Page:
The 2020 election ushered in a new government led by former police chief Chan Santokhi, resulting in considerable hope that the country would turn a corner on the corruption of the Bouterse years. However, as the NRA underscores, the size and scale of the cleanup in Suriname is substantial and requires political will from the highest levels of the government. In the face of the new government’s appointment of family members to various government posts, and Vice President Ronnie Brunswijk’s 2000 criminal conviction in the Netherlands for cocaine trafficking, many Surinamese are skeptical about how far reforms can go under the Santokhi administration.
Another factor contributing to this uphill battle is the limited participation of civil society in the fight against money laundering and corruption. The scandal that rocked the CBvS in 2020—involving USD $100 million entrusted to the central bank by the country’s private commercial banks—decidedly raised the profile of corruption and financial crime among the Surinamese public. However, corruption is still widely tolerated. As the 2017 UNDP report noted: “There is also a high degree of tolerance for corruption. People are so convinced that it is an inevitable part of everyday life that they do not see out of the problem.” Indeed, many Surinamese need to see themselves as active stakeholders in their country’s development.
There is another factor at play. Suriname likely sits on the edge of following an economic trajectory similar to that currently being experienced by Guyana, where major offshore oil discoveries were made in 2015. Considering the significant commercial oil resources discovered off the coast of Suriname in 2019 and 2020, there is a strong chance that Suriname will soon join the ranks of petrostates, which in itself represents a considerable challenge.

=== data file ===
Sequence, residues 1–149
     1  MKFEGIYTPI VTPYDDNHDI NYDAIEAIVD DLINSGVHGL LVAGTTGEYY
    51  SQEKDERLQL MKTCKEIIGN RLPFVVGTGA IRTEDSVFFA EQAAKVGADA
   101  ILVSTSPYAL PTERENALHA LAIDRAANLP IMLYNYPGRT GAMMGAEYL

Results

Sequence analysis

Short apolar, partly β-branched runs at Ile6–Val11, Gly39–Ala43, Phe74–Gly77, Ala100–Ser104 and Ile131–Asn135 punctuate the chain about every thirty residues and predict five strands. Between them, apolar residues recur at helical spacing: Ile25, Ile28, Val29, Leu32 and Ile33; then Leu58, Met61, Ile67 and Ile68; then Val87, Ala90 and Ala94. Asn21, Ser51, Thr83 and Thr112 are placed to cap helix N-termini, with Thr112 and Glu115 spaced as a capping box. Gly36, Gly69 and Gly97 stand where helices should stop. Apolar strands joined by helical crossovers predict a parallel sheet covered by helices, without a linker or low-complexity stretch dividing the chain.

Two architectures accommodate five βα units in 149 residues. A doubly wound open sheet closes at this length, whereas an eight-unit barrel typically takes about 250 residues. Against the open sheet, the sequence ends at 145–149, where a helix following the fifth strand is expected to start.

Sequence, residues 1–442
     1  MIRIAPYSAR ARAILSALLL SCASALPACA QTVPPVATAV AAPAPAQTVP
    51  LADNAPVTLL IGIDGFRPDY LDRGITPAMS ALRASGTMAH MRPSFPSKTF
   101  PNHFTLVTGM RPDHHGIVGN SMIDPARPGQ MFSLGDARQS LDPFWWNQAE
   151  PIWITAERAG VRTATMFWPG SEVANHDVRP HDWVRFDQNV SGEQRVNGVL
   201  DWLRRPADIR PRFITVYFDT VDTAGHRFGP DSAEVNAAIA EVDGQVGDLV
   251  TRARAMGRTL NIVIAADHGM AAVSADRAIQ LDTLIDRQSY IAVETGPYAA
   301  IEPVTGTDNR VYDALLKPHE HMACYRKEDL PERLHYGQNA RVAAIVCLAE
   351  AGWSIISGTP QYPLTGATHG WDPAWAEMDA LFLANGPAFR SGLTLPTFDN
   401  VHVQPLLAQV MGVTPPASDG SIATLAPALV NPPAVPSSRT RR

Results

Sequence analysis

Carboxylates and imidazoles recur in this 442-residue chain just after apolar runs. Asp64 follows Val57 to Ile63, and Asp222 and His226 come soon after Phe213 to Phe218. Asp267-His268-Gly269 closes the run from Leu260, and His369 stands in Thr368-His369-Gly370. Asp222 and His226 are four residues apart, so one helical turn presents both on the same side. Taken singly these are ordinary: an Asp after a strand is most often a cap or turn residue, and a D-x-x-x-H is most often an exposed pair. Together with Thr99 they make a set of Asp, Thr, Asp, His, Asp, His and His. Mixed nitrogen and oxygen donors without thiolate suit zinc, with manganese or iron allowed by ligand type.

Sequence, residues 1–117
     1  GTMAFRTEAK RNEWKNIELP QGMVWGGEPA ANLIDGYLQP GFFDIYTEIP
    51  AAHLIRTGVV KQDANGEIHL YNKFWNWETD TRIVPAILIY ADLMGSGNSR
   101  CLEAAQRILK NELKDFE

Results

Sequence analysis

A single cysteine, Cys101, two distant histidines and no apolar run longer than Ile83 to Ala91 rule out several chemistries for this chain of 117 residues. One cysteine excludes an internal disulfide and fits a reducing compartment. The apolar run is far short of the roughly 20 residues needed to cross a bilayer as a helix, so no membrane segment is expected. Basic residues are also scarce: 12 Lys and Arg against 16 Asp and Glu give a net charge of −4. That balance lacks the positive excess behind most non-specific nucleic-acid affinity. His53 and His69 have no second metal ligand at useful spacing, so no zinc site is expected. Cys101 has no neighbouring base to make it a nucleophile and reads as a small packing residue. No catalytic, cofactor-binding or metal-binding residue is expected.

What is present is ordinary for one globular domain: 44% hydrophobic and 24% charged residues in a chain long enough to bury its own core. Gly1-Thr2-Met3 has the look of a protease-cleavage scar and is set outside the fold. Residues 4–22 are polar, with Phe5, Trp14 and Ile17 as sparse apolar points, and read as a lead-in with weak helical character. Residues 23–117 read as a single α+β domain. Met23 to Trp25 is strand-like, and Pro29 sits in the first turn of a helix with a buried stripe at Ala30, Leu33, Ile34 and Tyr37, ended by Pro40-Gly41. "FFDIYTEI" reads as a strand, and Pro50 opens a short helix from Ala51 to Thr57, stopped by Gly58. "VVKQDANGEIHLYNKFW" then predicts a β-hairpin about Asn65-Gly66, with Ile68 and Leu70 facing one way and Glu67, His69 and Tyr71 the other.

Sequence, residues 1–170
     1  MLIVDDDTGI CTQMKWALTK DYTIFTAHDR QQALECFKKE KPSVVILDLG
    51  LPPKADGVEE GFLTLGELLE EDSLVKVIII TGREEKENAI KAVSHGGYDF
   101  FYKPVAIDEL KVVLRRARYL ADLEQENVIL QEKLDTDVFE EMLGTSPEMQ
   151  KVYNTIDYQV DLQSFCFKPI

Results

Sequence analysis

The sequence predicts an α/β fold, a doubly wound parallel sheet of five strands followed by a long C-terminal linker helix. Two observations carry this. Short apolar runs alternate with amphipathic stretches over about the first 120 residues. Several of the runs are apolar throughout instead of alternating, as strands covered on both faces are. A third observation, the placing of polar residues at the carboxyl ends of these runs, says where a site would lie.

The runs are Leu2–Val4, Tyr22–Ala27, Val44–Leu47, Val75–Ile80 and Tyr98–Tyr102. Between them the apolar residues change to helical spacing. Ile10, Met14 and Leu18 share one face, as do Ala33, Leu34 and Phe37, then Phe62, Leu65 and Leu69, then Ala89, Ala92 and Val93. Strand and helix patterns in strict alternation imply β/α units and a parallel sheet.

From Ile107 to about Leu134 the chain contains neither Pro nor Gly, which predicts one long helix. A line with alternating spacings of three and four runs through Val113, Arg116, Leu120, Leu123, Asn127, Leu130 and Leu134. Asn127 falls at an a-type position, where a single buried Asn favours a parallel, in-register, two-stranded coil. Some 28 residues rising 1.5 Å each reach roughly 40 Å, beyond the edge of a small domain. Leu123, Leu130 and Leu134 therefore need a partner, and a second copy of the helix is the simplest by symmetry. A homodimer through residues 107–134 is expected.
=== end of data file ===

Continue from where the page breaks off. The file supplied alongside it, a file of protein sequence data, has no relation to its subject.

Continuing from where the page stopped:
The linkage between oil, money laundering, and corruption is twofold: Suriname’s long period of relative isolation from global geopolitical dynamics is eroding due to oil discoveries, while one of the more challenging dimensions of becoming an “oil state” is corruption. Simply stated, as oil production ramps up and revenues increase, temptation and greed tend to become problematic. One need only look to Angola and Nigeria—where billions of dollars have been laundered out of the country, ending up in bank accounts in offshore financial centers or in real estate—as examples of this process in action.
Suriname has the opportunity to benefit from its potential oil wealth, but corruption and money laundering must be controlled first. As international money laundering expert Bruce Zagaris notes, “Unless Suriname proactively tackles its widely reported problems of governance, transparency, and anti-corruption, it will not access external financial and technical assistance, and it will not realize its developmental potential, notwithstanding its significant natural resources.”
Efforts are being made to give more powers to the judiciary to handle corruption cases. The case against former Finance Minister Hoefdaard is also noteworthy in this regard, as is the completion of the NRA. That said, the hard work of dealing with deep institutional corruption and money laundering in Suriname is just beginning and appears poised to shape the country’s next decade.
Scott B. MacDonald is the chief economist at Smith’s Research & Gradings, founding director of the Caribbean Policy Consortium, Senior Associate at the Center for Strategic & International Studies, and a Research Fellow at Global Americans. He is currently working on a book on the new Cold War in the Caribbean.